Here’s Why Student Loan Debt Isn’t the Real Millennial Horror Story

Two-thirds of 25- to 32-year-olds don’t have bachelor’s degrees, which doesn’t bode well for their job prospects or financial well-being.

(Photo: Getty Images)

Oct 10, 2014· 1 MIN READ
Culture and education editor Liz Dwyer has written about race, parenting, and social justice for several national publications. She was previously education editor at Good.

We’ve all heard the terrible tales of millennials struggling in the job market and questioning whether the cash they (and their parents) plunked down for college—and the mountains of student loan debt they accumulated—was worth it. As disappointing as it might be to be living back home with Mom and Dad, those underemployed, degree-holding men and women between the ages of 25 and 32 aren’t the only folks struggling financially. Most of their peers only have a high school diploma, and they’re having an even tougher time making ends meet.

According to a recent Pew Research Center report on the long-term financial downside of not going to college, two-thirds of people in that age group don’t have a college degree. As a result, 21.8 percent of them without a bachelor’s degree are living in poverty. Meanwhile, a comparatively small 5.8 percent of their peers with degrees are impoverished.

“There’s been a lot of attention paid to the adversities facing college-educated millennials, but generally the college-educated young adults, they’re doing better than earlier generations of college-educated young adults,” Richard Fry, the lead researcher on the Pew study, told NPR.

Fry found that millennials with college degress earn about $17,500 more than those with just a high school diploma. Even though student loan debt is greater than America’s total credit card debt, and a job at a local coffee shop isn’t what most grads anticipated, plenty of evidence backs up Fry’s findings that a degree is still the best guarantee of a job and financial stability. A May report from the Federal Reserve Bank of San Francisco found that over a college degree holder’s lifetime, he or she is likely to earn significantly more than someone with just a high school diploma—about $830,000 more, on average.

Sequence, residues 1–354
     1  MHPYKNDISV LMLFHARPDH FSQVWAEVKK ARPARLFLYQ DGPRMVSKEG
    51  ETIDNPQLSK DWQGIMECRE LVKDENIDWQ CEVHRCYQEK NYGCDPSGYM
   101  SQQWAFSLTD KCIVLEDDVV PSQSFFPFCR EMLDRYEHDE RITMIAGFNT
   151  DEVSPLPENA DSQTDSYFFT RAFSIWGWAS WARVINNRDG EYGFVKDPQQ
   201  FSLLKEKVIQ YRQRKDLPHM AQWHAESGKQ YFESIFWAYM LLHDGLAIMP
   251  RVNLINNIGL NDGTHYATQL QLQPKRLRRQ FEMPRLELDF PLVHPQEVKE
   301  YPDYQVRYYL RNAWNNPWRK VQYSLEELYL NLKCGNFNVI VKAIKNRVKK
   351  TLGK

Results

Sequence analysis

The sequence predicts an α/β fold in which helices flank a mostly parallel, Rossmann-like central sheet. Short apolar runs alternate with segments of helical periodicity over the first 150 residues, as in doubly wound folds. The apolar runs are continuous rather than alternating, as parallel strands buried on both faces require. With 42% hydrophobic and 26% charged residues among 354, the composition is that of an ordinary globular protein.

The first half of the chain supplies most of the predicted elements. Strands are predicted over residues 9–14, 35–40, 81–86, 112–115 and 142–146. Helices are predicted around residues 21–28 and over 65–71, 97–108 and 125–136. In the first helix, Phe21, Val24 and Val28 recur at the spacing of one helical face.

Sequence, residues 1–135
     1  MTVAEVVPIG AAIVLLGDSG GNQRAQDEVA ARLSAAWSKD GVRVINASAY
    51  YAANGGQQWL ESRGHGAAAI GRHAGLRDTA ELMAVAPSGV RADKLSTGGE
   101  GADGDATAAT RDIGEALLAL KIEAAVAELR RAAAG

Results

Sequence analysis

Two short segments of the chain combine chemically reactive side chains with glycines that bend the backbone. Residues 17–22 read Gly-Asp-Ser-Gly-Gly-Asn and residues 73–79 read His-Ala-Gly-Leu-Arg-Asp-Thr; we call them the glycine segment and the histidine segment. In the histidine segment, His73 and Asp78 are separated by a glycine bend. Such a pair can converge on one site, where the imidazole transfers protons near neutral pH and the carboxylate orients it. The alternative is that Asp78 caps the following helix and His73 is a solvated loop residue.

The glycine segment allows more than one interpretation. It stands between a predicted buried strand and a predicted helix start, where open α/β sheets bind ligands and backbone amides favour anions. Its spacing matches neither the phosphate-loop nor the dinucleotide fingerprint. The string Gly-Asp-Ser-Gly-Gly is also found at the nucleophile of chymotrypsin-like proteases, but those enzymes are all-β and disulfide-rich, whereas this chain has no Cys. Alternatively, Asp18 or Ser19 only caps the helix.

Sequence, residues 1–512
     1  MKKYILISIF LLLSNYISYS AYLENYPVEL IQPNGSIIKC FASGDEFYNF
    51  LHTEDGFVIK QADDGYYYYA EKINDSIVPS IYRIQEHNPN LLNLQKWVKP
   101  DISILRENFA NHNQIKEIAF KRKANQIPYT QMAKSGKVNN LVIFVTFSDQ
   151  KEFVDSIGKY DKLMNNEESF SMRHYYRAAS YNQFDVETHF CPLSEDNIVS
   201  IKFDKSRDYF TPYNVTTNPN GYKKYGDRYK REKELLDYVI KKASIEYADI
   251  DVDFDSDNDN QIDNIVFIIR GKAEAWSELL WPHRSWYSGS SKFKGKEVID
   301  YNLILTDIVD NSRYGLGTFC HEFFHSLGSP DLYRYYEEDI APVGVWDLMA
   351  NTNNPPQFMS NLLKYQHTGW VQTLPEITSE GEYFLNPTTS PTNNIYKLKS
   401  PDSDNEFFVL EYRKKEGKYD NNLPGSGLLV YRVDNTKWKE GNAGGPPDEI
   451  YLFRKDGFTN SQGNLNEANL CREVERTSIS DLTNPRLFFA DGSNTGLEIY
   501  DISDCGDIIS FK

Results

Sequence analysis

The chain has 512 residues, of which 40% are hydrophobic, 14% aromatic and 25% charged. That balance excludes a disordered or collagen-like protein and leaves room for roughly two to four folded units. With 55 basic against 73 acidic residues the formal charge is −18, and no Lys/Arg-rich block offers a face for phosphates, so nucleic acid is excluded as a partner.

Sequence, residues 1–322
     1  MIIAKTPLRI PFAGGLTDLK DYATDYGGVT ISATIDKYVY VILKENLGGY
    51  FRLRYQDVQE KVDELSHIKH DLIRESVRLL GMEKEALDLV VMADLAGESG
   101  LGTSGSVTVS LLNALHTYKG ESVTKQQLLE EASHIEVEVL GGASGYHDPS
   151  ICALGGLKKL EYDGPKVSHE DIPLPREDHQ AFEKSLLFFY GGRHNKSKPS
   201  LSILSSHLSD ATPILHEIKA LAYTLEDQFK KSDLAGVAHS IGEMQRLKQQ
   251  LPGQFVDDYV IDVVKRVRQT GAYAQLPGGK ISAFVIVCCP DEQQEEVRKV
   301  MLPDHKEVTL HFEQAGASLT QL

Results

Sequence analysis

“Although other individual factors might affect the net value of a college education, earning a degree clearly remains a good investment for most young people. Moreover, once that investment is paid off, the extra income from the college earnings premium continues as a net gain to workers with a college degree,” that report’s authors wrote.

Folks who only graduated from high school are also more likely to not have a job at all.

The Bureau of Labor Statistics’ August 2014 unemployment data revealed that 6 percent of Americans with only high school diplomas are jobless. Only 3.6 percent of Americans with bachelor’s degrees or higher are unemployed.

“Among the less educated, it's not simply that they’re trailing behind their college-educated counterparts; it’s that they’re doing worse off than earlier generations of less educated adults,” Fry said.

That means that if today's millennials without a degree don't find the money and time to go back to school or enroll in job training or vocational courses, they are more likely to be jobless and have fewer financial resources throughout their lifetime.